'It's never gone away in primaries'
As English co-ordinator at Longlands, she has been co-opted on to the language across the curriculum steering group at the nearby The Grove secondary in an attempt to improve continuity between the two phases on language matters.
She was also one of the visiting speakers at The Grove's recent training day on reading. Longlands, a pleasant open-plan school, is just a few minutes' walk from the secondary school, to which most of its pupils go at 11.
With less fierce subject demarcation at this stage, whole school co-ordination of language issues should certainly be easier. Yet there's a tendency among some primary teachers to make such a claim, but to have no detailed plan to ensure the idea is rooted in practice.
There's clearly no such omission at Longlands. Earlier this year Carolyn Tanfield compiled a policy document for English which outlined a whole-school approach designed to ensure continuity in teaching the knowledge, understanding and skills needed for speaking, listening, reading and writing.
It followed her review of reading in the school carried out the previous summer. In an extensive questionnaire teachers were asked about their aims, their views on resourcing and on the "reading environment", the types of reading activities they used, their assessment procedures.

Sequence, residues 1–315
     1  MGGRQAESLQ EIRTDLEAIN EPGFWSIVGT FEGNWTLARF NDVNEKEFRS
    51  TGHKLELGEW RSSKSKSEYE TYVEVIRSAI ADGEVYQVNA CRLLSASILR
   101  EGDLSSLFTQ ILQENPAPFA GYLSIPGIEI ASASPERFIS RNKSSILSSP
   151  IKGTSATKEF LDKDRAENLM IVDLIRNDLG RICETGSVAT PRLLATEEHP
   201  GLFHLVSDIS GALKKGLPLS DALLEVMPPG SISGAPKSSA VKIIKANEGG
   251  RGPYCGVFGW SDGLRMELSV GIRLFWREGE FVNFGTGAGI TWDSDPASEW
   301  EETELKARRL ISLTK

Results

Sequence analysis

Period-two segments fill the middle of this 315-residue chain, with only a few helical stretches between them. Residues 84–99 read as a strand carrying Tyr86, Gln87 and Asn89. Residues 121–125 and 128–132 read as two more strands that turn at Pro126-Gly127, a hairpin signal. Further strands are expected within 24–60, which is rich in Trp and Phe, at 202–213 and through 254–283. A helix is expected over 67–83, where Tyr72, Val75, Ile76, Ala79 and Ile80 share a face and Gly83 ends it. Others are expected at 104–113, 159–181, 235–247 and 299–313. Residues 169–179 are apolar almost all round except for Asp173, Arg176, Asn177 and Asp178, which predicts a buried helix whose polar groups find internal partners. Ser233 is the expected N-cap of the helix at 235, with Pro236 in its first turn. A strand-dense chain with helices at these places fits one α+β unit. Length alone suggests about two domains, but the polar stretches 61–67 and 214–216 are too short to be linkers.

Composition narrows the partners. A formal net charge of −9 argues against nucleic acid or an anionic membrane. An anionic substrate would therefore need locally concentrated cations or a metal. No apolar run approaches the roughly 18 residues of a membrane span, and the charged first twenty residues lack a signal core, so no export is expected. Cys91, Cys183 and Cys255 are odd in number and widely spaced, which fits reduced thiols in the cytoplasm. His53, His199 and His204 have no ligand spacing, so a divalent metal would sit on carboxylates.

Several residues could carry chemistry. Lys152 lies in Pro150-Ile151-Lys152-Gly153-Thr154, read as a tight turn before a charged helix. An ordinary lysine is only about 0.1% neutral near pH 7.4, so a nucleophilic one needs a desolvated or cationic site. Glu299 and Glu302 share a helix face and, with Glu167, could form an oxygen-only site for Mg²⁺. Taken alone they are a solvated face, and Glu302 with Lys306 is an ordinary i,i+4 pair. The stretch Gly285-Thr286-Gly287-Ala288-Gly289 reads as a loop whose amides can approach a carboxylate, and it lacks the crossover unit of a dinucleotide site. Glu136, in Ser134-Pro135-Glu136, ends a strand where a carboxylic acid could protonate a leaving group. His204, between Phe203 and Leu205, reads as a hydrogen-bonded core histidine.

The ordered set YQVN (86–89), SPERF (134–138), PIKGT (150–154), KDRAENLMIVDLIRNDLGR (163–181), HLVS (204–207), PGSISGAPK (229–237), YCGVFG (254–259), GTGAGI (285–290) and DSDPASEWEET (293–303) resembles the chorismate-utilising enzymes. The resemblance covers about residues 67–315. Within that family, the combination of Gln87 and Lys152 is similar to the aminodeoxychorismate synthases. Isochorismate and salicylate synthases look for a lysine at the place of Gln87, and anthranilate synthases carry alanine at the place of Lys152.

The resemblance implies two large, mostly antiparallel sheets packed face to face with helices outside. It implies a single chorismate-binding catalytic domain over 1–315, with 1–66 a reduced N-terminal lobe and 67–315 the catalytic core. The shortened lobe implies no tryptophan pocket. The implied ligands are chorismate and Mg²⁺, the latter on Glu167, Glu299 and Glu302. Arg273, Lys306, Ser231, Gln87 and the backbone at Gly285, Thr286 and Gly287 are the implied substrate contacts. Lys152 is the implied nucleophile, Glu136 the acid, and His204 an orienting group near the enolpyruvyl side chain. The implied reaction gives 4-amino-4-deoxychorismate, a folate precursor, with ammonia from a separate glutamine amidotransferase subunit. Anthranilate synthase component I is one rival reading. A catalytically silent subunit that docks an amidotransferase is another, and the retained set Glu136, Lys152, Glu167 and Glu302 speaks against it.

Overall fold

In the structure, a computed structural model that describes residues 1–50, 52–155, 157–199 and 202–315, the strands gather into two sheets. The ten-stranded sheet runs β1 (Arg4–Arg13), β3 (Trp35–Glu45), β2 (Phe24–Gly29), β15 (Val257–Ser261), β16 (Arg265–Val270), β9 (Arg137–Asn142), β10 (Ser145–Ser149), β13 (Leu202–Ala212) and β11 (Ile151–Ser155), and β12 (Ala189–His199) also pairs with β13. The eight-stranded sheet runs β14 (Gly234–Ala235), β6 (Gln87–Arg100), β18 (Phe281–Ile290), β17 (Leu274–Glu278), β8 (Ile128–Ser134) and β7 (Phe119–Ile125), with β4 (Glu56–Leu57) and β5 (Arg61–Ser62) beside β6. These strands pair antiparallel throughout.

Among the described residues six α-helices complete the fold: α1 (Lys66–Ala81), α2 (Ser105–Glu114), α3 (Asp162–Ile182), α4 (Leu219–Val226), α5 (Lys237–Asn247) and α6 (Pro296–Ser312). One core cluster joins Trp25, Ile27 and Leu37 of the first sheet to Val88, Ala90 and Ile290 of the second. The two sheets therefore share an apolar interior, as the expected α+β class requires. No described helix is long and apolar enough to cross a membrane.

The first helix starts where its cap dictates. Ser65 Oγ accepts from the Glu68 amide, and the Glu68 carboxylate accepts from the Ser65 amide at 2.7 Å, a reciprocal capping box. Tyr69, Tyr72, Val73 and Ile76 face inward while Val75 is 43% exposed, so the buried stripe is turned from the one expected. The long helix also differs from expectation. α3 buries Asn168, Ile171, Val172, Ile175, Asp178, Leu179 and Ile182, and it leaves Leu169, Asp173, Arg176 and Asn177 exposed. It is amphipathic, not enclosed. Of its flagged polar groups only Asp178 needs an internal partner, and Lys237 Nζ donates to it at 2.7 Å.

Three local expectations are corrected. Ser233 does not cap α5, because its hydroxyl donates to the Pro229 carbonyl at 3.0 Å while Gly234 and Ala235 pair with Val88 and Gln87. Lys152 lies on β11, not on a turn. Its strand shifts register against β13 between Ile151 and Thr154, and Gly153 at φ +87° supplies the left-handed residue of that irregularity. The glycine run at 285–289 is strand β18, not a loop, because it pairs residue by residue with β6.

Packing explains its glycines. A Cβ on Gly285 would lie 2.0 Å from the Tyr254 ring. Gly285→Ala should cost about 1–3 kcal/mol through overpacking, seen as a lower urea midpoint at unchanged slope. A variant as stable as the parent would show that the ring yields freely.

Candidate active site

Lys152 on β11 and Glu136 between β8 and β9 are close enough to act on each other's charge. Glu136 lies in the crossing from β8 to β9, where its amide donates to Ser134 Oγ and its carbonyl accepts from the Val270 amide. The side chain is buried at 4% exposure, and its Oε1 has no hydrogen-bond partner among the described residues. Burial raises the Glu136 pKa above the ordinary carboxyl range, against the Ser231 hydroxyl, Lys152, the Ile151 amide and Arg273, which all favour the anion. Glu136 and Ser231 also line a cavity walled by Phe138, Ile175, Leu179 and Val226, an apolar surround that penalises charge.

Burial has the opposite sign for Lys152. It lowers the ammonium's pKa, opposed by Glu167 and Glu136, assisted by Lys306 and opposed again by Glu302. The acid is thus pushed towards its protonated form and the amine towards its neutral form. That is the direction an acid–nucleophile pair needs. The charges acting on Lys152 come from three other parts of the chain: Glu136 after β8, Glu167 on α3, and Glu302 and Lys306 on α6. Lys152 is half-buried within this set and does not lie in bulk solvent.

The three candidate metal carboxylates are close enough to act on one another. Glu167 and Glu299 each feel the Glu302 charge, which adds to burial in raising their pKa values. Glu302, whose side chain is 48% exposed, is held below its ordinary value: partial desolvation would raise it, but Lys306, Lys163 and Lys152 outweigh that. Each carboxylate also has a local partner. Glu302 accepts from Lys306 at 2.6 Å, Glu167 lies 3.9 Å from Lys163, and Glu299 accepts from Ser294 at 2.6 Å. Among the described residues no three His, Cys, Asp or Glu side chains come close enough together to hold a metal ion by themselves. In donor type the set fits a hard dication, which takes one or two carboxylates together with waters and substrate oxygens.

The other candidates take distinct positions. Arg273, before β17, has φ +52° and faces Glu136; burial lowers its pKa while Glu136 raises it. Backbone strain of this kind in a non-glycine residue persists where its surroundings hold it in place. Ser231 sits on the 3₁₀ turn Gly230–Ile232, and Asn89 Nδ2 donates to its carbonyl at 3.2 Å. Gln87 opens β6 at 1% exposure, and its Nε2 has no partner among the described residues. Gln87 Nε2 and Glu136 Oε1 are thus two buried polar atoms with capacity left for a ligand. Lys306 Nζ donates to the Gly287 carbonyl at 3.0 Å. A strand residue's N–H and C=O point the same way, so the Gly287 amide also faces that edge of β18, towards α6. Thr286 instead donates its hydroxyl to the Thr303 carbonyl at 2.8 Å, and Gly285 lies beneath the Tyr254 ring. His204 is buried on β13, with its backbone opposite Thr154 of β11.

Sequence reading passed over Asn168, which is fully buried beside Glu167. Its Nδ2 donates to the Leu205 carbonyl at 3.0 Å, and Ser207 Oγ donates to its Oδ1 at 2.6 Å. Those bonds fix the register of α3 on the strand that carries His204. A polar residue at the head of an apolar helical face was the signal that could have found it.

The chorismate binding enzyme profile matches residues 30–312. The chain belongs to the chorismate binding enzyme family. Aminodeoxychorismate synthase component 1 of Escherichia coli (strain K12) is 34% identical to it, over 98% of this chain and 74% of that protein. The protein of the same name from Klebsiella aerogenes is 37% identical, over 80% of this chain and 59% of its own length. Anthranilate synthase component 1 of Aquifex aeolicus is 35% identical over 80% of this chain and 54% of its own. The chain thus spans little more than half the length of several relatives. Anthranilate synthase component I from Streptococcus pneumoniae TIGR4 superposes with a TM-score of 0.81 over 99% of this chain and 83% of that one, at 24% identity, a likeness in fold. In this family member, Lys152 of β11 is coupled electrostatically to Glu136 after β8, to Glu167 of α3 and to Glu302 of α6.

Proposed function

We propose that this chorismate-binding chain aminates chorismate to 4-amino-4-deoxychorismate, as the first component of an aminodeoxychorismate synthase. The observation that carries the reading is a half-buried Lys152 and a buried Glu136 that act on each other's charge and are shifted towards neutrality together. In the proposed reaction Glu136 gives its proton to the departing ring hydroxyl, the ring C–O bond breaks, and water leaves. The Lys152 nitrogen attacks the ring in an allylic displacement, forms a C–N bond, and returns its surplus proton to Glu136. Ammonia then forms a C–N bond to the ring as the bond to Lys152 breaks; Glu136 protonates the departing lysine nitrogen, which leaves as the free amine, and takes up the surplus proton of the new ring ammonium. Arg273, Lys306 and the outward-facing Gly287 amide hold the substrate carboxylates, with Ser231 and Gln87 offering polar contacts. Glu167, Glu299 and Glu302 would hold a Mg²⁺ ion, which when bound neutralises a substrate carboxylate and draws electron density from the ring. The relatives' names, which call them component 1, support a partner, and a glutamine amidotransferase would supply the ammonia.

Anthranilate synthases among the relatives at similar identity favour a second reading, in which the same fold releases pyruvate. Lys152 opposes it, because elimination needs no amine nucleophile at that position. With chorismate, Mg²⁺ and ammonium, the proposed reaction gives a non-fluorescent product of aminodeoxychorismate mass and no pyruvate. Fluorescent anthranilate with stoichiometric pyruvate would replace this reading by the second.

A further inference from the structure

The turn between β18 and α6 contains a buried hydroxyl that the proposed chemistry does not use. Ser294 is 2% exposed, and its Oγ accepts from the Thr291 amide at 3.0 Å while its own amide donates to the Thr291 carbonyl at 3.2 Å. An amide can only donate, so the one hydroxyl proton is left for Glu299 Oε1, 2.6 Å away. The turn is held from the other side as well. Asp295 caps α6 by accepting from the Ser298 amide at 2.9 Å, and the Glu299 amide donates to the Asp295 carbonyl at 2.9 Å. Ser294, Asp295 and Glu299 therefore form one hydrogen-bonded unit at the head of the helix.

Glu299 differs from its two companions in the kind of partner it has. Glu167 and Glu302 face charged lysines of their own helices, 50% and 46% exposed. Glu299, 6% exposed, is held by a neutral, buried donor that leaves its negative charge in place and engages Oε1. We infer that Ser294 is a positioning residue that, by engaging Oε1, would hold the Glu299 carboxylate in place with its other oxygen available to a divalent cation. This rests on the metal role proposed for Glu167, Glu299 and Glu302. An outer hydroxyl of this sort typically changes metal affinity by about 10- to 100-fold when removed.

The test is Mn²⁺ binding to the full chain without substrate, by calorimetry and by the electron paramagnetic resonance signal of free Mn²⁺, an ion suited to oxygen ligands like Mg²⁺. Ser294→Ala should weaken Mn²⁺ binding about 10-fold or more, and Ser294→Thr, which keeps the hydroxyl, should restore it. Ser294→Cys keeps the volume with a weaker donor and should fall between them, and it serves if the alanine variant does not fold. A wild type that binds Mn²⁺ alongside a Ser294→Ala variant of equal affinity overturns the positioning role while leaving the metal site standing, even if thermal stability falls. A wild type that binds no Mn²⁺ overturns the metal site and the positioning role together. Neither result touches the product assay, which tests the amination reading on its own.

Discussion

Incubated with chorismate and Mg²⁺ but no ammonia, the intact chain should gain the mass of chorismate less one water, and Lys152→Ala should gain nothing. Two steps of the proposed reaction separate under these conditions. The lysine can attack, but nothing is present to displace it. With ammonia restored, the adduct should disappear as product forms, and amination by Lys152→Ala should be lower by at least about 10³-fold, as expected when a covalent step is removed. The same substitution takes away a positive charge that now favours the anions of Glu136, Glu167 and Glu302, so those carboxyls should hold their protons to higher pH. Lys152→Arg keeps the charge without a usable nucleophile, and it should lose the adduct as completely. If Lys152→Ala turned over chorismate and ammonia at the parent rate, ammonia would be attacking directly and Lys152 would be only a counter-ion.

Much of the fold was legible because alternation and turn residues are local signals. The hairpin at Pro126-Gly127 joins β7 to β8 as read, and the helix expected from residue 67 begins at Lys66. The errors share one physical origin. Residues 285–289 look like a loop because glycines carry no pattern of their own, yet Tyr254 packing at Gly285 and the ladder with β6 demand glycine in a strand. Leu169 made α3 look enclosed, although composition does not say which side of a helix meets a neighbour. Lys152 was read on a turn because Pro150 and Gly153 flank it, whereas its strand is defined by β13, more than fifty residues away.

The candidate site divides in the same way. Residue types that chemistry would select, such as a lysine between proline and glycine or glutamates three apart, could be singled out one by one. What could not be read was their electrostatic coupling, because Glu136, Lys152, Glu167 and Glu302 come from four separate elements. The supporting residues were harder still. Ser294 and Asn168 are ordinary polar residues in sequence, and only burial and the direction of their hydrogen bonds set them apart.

The children were also quizzed - about where they liked to read ("On the toilet," was one girl's reply), what they read apart from books, how they practised reading, to whom they read, how they chose a book, and how they knew if a book would suit them ("I wait three days," one boy said).
The review uncovered certain problems which have since been tackled, such as initial under-achievement by boys, a shortage of texts for the older less able children, and areas of the school that were not conducive to quiet reading. But it also revealed a broad consensus on aims and good practice.
"Language is the cornerstone, and we now have an agreed approach across the school," Carolyn Tanfield says. This involves ensuring children have the chance to read in a variety of contexts for a variety of purposes, to promote their confidence, fluency, and effectiveness in self-expression.
So there is regular silent reading at the start of each session, as well as reading aloud. Attention is paid to how reading is used in, say, charts for maths, recipes in cooking, design sheets in technology. There's also a focus on language use, and helping children to skim and scan when necessary.
Overall, the school accepts the Bullock finding that there is "no one method, medium, approach, device or philosophy that holds the key" to the process of learning to read.
"Our approach is saturation bombing," Carolyn Tanfield says. "We"ll try anything that works."